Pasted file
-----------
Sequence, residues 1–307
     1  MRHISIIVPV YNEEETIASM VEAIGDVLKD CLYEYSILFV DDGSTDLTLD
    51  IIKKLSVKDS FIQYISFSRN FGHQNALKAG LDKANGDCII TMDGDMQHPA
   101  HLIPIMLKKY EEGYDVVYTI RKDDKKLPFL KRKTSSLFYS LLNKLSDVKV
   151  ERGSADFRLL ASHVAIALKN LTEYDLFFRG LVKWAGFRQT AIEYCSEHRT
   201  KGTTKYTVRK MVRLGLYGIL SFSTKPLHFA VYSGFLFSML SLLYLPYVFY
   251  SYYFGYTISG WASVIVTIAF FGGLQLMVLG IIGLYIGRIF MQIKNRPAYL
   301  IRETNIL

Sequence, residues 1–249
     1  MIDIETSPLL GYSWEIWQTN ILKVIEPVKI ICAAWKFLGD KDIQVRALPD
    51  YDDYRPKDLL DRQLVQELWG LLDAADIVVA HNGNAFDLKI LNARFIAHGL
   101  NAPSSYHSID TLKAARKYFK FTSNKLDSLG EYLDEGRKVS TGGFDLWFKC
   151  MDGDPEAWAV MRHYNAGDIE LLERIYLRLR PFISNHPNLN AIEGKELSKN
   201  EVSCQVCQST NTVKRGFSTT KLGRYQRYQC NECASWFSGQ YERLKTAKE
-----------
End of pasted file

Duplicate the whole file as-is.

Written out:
Sequence, residues 1–307
     1  MRHISIIVPV YNEEETIASM VEAIGDVLKD CLYEYSILFV DDGSTDLTLD
    51  IIKKLSVKDS FIQYISFSRN FGHQNALKAG LDKANGDCII TMDGDMQHPA
   101  HLIPIMLKKY EEGYDVVYTI RKDDKKLPFL KRKTSSLFYS LLNKLSDVKV
   151  ERGSADFRLL ASHVAIALKN LTEYDLFFRG LVKWAGFRQT AIEYCSEHRT
   201  KGTTKYTVRK MVRLGLYGIL SFSTKPLHFA VYSGFLFSML SLLYLPYVFY
   251  SYYFGYTISG WASVIVTIAF FGGLQLMVLG IIGLYIGRIF MQIKNRPAYL
   301  IRETNIL

Sequence, residues 1–249
     1  MIDIETSPLL GYSWEIWQTN ILKVIEPVKI ICAAWKFLGD KDIQVRALPD
    51  YDDYRPKDLL DRQLVQELWG LLDAADIVVA HNGNAFDLKI LNARFIAHGL
   101  NAPSSYHSID TLKAARKYFK FTSNKLDSLG EYLDEGRKVS TGGFDLWFKC
   151  MDGDPEAWAV MRHYNAGDIE LLERIYLRLR PFISNHPNLN AIEGKELSKN
   201  EVSCQVCQST NTVKRGFSTT KLGRYQRYQC NECASWFSGQ YERLKTAKE